With the slow but sure mainstream adoption of cryptocurrencies, countries are beginning to get on the boat by issuing their own national cryptocurrencies.
Venezuela has decided to come up with its own national cryptocurrency called Petro, apparently backed by oil and gold reserves.
The Marshall Islands, on the Feb 26th, 2018, officially passed the Act to issue its own cryptocurrency Sovereign, to be used as legal tender alongside the U.S. dollar.
Will these government-issued cryptocurrencies succeed? It remains to be seen, as the whole idea of having a cryptocurrency is to have it decentralized i.e. not controlled by any single entity.
Yet, while we don’t have a fully successful cryptocurrency yet, we have a reference from the past of a failure: Iceland’s cryptocurrency called the AuroraCoin.
The AuroraCoin was launched in Feb 2014, created by an anonymous person named Baldur Friggjar Óðinsson.
We suppose this person who created it wanted to follow in the footsteps of Satoshi Nakamoto. Without a ‘head’, the currency becomes safe from a single point of failure -i.e. the arrest or assassination of a founder.
Its purpose was to become a legal tender alongside the Icelandic Krona and Bitcoin.
Many people felt that Iceland was a good place to start a crypto because of its openness to technology and in particulate a great interest in Bitcoin itself.
THE DISTRIBUTION OF THE COIN
The AuroraCoin was as high as USD97 or 0.14 BTC (March 4, 2014) before the airdrops began on March 25, 2014.
By the time the airdrop started, it had fallen to a price of USD$12 or 0.02 BTC.
1 year later, after the airdrop on March 25, 2015, after the final phase of the distribution was complete, the price would have fallen to USD0.015 or 0.00006105 BTC.
Basically, it became almost worthless by the time the coins were distributed to the Icelanders.
What really caused the Icelanders to just dump the Aurora coin? After all, weren’t they interested in Blockchain and future tech?
There would be many possible causes, but here is my suggestion for the top two reasons.
THERE IS NO FREE LUNCH
The coin was free.
In many airdrops we have seen up to til today (19 March 2018), most of the coins have degenerated into pump and dumps.
One example was NXT during the IGNIS airdrop, which saw NXT have a huge pump leading up to the airdrop, and then an immediate dump after the snapshot was taken.
All these happened in literally seconds.
Likewise, we saw that with ZClassic and the BTCP airdrop. We saw the exact same behaviour on ZClassic – a pump leading up to the airdrop and then a mad dump of up to 80%. It, too, happened in seconds.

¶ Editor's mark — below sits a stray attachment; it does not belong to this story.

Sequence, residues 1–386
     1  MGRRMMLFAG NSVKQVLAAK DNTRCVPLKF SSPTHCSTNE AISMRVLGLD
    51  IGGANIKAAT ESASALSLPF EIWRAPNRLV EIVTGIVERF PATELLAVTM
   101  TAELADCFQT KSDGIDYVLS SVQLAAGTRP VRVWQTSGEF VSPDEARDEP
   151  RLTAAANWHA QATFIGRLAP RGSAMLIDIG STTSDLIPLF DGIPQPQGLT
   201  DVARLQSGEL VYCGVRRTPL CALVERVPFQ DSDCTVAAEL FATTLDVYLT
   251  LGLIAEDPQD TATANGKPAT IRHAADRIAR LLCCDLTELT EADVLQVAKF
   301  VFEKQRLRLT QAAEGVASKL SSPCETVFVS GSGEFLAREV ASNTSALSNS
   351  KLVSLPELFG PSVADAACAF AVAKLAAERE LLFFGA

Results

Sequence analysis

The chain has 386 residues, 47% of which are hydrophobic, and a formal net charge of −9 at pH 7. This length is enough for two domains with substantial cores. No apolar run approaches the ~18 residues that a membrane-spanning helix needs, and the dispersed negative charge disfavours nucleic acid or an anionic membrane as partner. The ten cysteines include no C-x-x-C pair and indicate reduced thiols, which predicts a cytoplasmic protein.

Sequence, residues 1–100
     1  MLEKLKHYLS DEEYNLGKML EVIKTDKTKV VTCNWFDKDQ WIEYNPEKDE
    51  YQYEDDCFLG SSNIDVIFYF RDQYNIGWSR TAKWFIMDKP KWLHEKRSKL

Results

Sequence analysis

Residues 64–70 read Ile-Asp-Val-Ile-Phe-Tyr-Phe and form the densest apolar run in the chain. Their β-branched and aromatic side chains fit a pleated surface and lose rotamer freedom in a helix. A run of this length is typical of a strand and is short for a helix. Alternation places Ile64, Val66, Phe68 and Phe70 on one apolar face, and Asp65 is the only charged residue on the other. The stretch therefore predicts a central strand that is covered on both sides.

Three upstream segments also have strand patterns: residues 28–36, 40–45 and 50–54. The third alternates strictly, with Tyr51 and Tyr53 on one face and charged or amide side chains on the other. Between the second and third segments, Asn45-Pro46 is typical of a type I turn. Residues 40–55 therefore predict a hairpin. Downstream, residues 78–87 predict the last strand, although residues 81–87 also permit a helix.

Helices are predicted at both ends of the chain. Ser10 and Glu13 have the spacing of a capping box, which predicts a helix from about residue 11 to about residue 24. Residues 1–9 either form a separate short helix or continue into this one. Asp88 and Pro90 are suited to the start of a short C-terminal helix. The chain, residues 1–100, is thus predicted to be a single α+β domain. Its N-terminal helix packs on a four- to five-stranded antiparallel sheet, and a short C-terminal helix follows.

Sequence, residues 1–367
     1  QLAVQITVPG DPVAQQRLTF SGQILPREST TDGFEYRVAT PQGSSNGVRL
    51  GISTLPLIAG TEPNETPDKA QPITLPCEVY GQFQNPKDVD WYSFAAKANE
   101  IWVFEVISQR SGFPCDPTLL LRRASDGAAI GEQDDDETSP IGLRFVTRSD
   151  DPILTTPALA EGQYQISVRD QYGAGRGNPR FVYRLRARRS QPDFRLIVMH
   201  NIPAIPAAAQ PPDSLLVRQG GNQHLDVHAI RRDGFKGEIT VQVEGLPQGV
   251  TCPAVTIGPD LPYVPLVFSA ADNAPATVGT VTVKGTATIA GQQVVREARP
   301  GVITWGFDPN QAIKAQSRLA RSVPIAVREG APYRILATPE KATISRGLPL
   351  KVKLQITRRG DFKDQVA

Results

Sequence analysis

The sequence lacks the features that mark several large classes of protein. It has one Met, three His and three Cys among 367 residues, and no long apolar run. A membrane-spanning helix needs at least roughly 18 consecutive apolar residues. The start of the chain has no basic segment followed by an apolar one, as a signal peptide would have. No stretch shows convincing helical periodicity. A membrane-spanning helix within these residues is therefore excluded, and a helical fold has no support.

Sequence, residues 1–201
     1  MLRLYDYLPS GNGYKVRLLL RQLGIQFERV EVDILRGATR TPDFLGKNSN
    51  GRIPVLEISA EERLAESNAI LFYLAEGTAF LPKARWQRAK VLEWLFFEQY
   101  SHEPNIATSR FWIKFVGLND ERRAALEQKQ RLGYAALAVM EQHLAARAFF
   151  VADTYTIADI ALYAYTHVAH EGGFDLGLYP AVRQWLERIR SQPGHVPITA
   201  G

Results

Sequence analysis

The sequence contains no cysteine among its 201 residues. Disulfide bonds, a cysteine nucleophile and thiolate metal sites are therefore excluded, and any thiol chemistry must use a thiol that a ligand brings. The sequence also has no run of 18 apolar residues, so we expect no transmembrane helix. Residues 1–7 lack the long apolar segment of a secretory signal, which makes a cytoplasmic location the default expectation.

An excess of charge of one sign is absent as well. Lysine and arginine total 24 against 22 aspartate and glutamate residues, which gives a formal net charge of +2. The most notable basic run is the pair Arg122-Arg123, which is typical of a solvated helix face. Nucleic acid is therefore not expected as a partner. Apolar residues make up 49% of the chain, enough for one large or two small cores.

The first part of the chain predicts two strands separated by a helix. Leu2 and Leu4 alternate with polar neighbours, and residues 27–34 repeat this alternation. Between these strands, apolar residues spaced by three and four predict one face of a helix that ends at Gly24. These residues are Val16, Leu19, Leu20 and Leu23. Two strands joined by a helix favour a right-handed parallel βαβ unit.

It left many people bagholders, feeling cheated or even scammed.
Are NXT or ZClassic really bad coins (shitcoins)? No way. Both are coins with great potential.
But what we saw was the market psychology in action.
People got something for nothing, and the fastest (and smartest) people sold their coins early into fiat or Bitcoin before others could. The ones who sold late were left with less valuable coins (in USD terms).
After all, if you received something for free, the best thing you can do is to sell it for something more universally valuable!
It’s kind of like selling your old furniture for dollars because you can then use your dollars to exchange for something else.
I believe the same thing happened with AuroraCoin. Because it was given to the citizens of Iceland for free, people figured the best thing to do with it was to sell it for Krona which had far higher utility and countrywide adoption!
The creators and distributors of the coins probably did not anticipate that, given that it was probably one of the first airdrops in the crypto space.
However, there was another factor which would possibly prevent the dump of AuroraCoins.
MARKET ADOPTION (OR LACK THEREOF)
If merchants and retailers were requested or even dictated to accept the AuroraCoin, then there would have been the immediate utility of the coin. It would have prevented a dump.
For example, if major retailers would say that they would accept 1 AuroraCoin pegged to 100 Krona, then that was the most the AuroraCoin would fall.
It would always be around the value of 100 Krona given that a big retailer is willing to accept it.
However, the case was that merchants and retailers refused to accept this new idea for their goods and services. In other words, there was no consensus on AuroraCoin to be used as an actual currency.
So if you were someone holding on to AuroraCoin but no merchant would accept this for goods and services, what would you do?
You would do what everyone else did. Sell them on the exchange!
Hence, the horrific dump and the failed experiment.
However, it’s not the end of AuroraCoin. Developers are continuing to work on the coin and it is slowly gaining adoption among some small players.
This is evident in the price as at the time of writing, one AuroraCoin is at USD1.22.
Would it stage a revival?
It remains to be seen.
WHAT DOES IT MEAN FOR FUTURE NATIONAL CRYPTOS?
The story of AuroraCoin serves as a lesson for future governments who seek to implement a nationwide cryptocurrency.
If there are no merchants or retailers willing to accept the new crypto, then there’s only one sensible thing for a holder to do: sell it off.
So governments, in the least, have to get major retailers or merchants to start accepting the new cryptocurrency before launching it.
Another thing: you can’t force people to use any crypto.
The whole premise of cryptos is to break free from the tyranny of governments controlling the money supply – so to force people to use your cryptocurrency goes against the whole spirit of cryptos in the first place.
What do you think? Will a national cryptocurrency ever work?
Leave your comments in the section below.
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